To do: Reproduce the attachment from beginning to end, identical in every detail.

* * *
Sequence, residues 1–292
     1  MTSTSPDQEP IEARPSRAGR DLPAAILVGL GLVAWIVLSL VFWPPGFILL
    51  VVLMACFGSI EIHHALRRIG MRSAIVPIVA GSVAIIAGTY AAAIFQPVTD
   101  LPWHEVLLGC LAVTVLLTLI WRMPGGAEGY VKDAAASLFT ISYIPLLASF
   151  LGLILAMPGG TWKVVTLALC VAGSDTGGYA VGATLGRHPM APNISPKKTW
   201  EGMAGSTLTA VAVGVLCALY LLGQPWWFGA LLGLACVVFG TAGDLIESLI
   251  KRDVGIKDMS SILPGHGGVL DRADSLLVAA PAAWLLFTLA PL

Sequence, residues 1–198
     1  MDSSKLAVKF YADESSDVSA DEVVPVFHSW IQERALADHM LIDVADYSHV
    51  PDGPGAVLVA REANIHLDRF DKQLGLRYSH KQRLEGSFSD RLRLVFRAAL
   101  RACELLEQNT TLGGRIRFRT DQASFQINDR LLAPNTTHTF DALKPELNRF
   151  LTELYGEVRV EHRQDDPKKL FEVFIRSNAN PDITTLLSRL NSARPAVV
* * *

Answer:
Sequence, residues 1–292
     1  MTSTSPDQEP IEARPSRAGR DLPAAILVGL GLVAWIVLSL VFWPPGFILL
    51  VVLMACFGSI EIHHALRRIG MRSAIVPIVA GSVAIIAGTY AAAIFQPVTD
   101  LPWHEVLLGC LAVTVLLTLI WRMPGGAEGY VKDAAASLFT ISYIPLLASF
   151  LGLILAMPGG TWKVVTLALC VAGSDTGGYA VGATLGRHPM APNISPKKTW
   201  EGMAGSTLTA VAVGVLCALY LLGQPWWFGA LLGLACVVFG TAGDLIESLI
   251  KRDVGIKDMS SILPGHGGVL DRADSLLVAA PAAWLLFTLA PL

Sequence, residues 1–198
     1  MDSSKLAVKF YADESSDVSA DEVVPVFHSW IQERALADHM LIDVADYSHV
    51  PDGPGAVLVA REANIHLDRF DKQLGLRYSH KQRLEGSFSD RLRLVFRAAL
   101  RACELLEQNT TLGGRIRFRT DQASFQINDR LLAPNTTHTF DALKPELNRF
   151  LTELYGEVRV EHRQDDPKKL FEVFIRSNAN PDITTLLSRL NSARPAVV